Date published: 2006-06-23
Rated 5 out of 5 by from Beautiful Forever Let me begin my review by stating that I do not acclaim myself, an avid reader, I am just a teenager who happened to watch an episode of Gilmore Girls, which made me interested in this book. After picking up this book, it was daughting in sheer volume alone, but once when you start reading the world that Tolstoy creates is like no other. His characters and their stories keep you going through the entire book. It takes place and is written in 1800's Russia, and the world which Anna Karenina lives in, is so beautiful and rich in words that it creates a sense of emotion in the reader that allows for it to be read forever.
Date published: 2006-05-30
Rated 1 out of 5 by from Bad This book was worse than poor . Tolstoy is suposed to be a great writer so i was looking forward to reading this book. I read a lot and faster than the average person but this book is boring and doesn't flow well. It took me a month to get throught 611pages and i couldn't even finish! It was the first book i disliked so much i couldn't finish in 10 years and I pride myself for being able to get through even 6 pahges of that horrible book.
Date published: 2005-09-18
Rated 5 out of 5 by from Spiritual Read This book has such a spiritual flow to it. Anna is looking for love and true happiness as most of us are and she can't find it because instead of seeking God who IS love she turns to temporary earthly comfort and passion. Grass always looks greener on the other side. Levin's life relates so closely to Anna, he is also desperately looking for a life worth living, but through hardship and self examination he finds what he is looking for.
Date published: 2005-08-24
Rated 4 out of 5 by from anna karenina Definatley a good summer bach read. i can't believe this was written in the 1800s by a man! I've heard of soaps with less plot turns and cheating spouses. It took me a total of three years to read it, and I have been known to read a 300-400 page book in 1sitting (at the most a day) heavy reading to be sure. and not exactly srawberry shortcake but a good read one the less.
Date published: 2005-07-26
Rated 1 out of 5 by from Overrated Completing this book was a goal for myself. I am an avid reader but I felt like getting through this book was a chore. There plot line took a very long time to get to. The character of Anna Karenina was not the most interesting part of the book...I was more interested in the plot lines surrounding the other characters. Once you get to about the last 100 pages of the book...you get a real shocker....and it's not a good one. I just felt like this book lacked a plot and was a serious bore to try and get through....I will not recommend this book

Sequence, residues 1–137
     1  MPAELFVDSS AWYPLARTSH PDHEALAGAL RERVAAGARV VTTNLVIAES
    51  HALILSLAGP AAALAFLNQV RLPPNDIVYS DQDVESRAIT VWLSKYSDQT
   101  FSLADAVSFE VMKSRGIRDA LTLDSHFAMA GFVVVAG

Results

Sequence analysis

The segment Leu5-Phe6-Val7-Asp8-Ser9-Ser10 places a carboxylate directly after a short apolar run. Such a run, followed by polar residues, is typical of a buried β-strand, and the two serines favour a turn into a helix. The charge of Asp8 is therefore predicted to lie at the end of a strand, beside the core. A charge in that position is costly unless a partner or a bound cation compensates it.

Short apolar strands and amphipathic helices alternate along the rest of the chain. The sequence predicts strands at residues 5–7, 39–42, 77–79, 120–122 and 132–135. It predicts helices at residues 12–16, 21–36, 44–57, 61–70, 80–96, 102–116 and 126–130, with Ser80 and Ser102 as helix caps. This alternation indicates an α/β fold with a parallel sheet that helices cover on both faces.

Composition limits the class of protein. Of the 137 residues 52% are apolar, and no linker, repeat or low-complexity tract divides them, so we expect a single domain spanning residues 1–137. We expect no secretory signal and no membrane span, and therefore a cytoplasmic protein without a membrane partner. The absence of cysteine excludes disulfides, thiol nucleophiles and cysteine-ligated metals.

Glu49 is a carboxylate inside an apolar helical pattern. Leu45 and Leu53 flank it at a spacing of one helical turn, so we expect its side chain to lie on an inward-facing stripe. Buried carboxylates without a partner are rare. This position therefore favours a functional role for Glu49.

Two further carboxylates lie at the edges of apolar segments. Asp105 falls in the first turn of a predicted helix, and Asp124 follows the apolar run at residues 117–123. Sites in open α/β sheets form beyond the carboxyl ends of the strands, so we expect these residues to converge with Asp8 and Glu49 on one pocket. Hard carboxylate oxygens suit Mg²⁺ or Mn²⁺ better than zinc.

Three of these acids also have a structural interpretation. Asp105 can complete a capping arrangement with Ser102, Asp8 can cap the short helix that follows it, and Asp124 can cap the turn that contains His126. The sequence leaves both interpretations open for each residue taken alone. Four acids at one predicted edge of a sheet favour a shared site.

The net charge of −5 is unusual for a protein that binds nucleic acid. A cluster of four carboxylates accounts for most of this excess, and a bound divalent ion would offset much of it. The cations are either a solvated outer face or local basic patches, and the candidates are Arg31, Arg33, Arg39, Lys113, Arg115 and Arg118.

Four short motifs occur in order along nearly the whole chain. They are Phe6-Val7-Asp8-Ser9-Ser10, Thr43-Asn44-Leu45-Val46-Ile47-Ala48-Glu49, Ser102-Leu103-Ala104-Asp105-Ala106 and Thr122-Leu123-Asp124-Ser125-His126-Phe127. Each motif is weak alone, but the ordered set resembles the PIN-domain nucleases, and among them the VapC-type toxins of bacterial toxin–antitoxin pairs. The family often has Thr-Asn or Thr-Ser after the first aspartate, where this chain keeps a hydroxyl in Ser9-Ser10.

Date published: 2005-05-20
Rated 5 out of 5 by from A true classic Anna Karenina is one of the most interesting books I have read in a while. When I first started, I must admit I was a little intimidated by the size and number of pages of this novel. But by the first page, I was suddenly captivated and enthralled into the story of high society Russian families. At the beginning of the novel, the reader sees Anna, an amazingly beautiful woman with a happy and fulfilled life. As the novel continues, the breakdown of her life is chronicled and the reader can't help but become enthralled and captivated by the storyline. Tolstoy captures so many different emotions in this novel: happy, sad, fulfilled, confused, depressed... And by the end of Anna Karenina everything seems to fall into place. Therefore, Anna Karenina is one novel that readers everywhere should pick up. It is without a doubt a true classic.
Date published: 2004-12-25

– More About This Product –

Anna Karenina Oprah: (penguin Classics Deluxe Edition)

by Leo Tolstoy
Translated by Lar Volokhonsky, Ricahrd Pevear

Format: Trade Paperback

Dimensions: 1 pages, 8.5 × 5.75 × 1.95 in

Published: May 31, 2004

Publisher: Penguin Books USA

Language: English

The following ISBNs are associated with this title:

ISBN - 10: 0143035002

ISBN - 13: 9780143035008

About the Book

Beautiful, vigorous, and eminently readable, this is the new English-language translation of one of the world's literary masterpieces. Includes an illuminating Introduction and explanatory notes. BOMC Selection. 864 pp.

Read from the Book